|The ghost sign on Didsbury Road|
My old friend David Harrop spotted it for the first time recently despite having regularly passed the house.
Neither of us thought the sign that remarkable.
It didn’t promote a product or give the name of the retailer who may have had it painted, and only part of it had survived.
So on the surface not the most interesting of signs but as ever there is a story and a little bit of a mystery.
The faded letters proclaim “DAILY BUSINESS AS” which I can only assume finished with the word “USUAL” but what that business was and why it was painted on the side of building is lost.
But there was also the word “Supper” beside the door which would suggest that it had once been a “chippy” although someone else remembered it as a wool shop.
Either way it had retail history and that was what offered up by the twist in the tale because back in 1911 it had been “a well known green grocery business” run by Mr and Mrs Grime.*
|Private Ernest Grime 1886-1917|
They had eight children and had been selling apples, pears and potatoes from their shop from at least 1891.
A decade earlier Robert had been a porter and carter, an occupation he shared with his brothers and father who all lived at Long Row on Didsbury Road with his sister who described herself as a cotton winder.
In time I will explore more of the lives of Robert and Elizabeth Grime but for now it’s their youngest son who interests me because in 1916 he enlisted, was posted to the Welsh Regiment and died in action on December 24 1917.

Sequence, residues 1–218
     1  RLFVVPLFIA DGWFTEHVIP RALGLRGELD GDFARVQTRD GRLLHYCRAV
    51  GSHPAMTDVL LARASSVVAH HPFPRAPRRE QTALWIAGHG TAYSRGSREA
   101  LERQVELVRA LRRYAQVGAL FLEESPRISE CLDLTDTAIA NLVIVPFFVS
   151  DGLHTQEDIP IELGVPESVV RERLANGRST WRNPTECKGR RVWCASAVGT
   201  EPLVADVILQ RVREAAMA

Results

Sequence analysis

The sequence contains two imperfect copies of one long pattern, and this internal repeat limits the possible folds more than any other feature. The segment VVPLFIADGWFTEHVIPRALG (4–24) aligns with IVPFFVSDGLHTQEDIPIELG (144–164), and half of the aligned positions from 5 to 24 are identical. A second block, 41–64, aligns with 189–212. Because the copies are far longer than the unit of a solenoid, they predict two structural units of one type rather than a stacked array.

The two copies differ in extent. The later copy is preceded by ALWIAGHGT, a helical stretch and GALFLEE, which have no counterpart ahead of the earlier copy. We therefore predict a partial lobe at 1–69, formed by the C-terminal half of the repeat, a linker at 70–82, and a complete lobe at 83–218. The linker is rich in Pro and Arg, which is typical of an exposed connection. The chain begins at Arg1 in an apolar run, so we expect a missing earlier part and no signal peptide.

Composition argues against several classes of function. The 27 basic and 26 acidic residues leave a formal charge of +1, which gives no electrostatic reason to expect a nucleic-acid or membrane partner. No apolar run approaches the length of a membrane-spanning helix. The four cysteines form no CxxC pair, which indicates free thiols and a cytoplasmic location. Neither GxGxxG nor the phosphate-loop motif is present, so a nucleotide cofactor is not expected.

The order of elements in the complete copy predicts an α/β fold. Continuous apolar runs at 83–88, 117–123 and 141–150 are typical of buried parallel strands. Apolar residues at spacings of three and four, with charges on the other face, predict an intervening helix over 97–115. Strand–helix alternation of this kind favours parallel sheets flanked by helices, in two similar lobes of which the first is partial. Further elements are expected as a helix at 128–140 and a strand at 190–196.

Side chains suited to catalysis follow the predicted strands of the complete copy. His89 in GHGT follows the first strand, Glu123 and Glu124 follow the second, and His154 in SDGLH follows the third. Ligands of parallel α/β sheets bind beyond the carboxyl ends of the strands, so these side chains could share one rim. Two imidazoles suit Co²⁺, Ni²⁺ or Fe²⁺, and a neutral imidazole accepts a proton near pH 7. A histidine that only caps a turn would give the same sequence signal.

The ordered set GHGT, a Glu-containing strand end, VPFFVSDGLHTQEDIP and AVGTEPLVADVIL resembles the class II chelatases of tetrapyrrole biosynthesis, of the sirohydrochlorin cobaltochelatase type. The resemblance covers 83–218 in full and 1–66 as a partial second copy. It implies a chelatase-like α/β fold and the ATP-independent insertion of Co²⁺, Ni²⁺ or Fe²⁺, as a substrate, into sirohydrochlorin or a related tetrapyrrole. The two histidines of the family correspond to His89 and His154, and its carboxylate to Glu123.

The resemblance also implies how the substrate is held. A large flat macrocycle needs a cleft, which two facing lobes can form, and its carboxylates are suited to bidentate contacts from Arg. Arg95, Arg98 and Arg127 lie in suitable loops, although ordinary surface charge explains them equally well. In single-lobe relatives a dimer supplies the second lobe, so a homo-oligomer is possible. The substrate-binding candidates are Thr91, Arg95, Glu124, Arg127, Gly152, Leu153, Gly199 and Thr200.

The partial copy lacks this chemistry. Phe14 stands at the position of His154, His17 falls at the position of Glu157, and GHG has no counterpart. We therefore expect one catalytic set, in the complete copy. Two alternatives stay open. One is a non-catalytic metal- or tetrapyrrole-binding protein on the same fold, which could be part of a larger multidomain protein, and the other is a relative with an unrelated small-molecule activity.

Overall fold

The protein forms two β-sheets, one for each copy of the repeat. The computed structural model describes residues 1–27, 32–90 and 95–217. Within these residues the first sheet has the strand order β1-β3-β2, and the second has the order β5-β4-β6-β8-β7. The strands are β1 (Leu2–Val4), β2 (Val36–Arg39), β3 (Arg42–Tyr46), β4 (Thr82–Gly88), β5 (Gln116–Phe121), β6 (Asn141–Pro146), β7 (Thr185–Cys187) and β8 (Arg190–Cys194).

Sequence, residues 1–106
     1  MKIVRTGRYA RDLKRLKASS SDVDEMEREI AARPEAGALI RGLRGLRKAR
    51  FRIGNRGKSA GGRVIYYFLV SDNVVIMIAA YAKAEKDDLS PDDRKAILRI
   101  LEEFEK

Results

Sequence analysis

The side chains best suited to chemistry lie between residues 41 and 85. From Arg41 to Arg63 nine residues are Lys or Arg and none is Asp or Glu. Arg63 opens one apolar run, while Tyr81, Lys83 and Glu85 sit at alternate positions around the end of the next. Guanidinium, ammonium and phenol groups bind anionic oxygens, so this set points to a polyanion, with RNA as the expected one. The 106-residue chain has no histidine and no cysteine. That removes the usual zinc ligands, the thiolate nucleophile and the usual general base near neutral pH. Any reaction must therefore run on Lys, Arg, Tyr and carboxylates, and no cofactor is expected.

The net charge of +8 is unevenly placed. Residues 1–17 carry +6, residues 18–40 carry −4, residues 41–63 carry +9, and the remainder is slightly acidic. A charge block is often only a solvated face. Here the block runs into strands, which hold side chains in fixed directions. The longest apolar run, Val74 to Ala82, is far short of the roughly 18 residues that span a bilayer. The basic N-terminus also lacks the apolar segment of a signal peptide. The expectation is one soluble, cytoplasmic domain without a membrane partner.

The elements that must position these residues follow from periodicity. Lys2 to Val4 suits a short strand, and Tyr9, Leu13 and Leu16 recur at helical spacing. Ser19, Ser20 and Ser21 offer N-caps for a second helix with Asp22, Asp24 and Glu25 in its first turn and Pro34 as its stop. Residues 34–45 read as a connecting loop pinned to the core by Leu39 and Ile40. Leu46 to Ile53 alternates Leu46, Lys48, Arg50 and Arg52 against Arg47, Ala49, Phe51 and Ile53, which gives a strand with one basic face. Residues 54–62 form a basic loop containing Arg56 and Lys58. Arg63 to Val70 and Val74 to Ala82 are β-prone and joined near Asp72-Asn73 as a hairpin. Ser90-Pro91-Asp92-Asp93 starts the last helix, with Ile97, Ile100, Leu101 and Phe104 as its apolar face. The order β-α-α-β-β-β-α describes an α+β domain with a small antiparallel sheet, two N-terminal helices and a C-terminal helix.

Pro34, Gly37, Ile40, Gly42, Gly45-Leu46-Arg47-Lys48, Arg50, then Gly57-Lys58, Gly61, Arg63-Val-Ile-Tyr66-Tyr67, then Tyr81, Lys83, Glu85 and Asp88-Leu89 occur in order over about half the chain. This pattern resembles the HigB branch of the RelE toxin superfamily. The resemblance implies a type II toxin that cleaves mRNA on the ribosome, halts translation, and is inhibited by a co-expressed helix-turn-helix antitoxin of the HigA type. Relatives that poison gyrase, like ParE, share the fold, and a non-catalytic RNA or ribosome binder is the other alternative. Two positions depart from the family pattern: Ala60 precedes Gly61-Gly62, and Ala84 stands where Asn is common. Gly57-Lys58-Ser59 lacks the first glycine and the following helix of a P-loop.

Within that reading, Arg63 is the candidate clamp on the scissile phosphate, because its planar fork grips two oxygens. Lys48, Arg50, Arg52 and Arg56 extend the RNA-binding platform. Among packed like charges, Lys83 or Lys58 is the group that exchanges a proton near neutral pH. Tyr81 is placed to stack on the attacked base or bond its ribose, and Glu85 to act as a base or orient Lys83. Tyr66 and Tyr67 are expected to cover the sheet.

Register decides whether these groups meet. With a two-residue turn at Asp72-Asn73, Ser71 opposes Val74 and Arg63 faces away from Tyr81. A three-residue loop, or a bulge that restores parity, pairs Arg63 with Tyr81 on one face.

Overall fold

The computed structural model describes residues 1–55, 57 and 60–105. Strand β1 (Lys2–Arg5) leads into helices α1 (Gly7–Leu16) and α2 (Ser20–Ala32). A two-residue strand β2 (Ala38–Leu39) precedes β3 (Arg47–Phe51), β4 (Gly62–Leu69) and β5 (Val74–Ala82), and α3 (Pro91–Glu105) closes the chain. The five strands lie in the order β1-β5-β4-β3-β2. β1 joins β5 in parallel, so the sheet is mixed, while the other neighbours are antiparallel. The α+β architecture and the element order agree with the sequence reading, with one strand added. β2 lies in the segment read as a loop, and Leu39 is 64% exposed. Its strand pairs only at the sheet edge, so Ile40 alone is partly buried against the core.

According to the Stockport Advertiser “he was 34 years of age, unmarried and before enlisting assisted his father in the well known green grocery business.
He was widely known in Heaton Mersey, Didsbury and district and was greatly respected. He was a steady industrious young man with a high moral character which endeared him to a large circle of friends and he will be sadly missed.*
He had enlisted in the December of 1916, completed “nearly twelve months training [and] went on active service on December 10th, 1917 and was killed in action on December 24th having been in the firing line only one full day.”*
It is a story we will all be familiar with but for me it is the connection with that house on Didsbury Road.
I doubt that I would ever have come across Ernest Grime but for David Harrop who having taken the picture of the ghost sign told me of about the death of this young man.
|The memorial cross, 1917|
So it is fitting that I should conclude by mentioning the service at St John’s Parish Church on Sunday November 8th at 10.30 whose day school Ernest attended.
David will be there reading a poem and exhibiting a Tower Poppy, a memorial cross and other items from his collection.
The memorial cross is particularly poignant because it is an iron grave marker used to identify the burial plot of a fallen soldier and has a powerful story of its own which will appear next month.
Pictures; from the collection of David Harrop
*Stockport Advertiser, January 25, 1918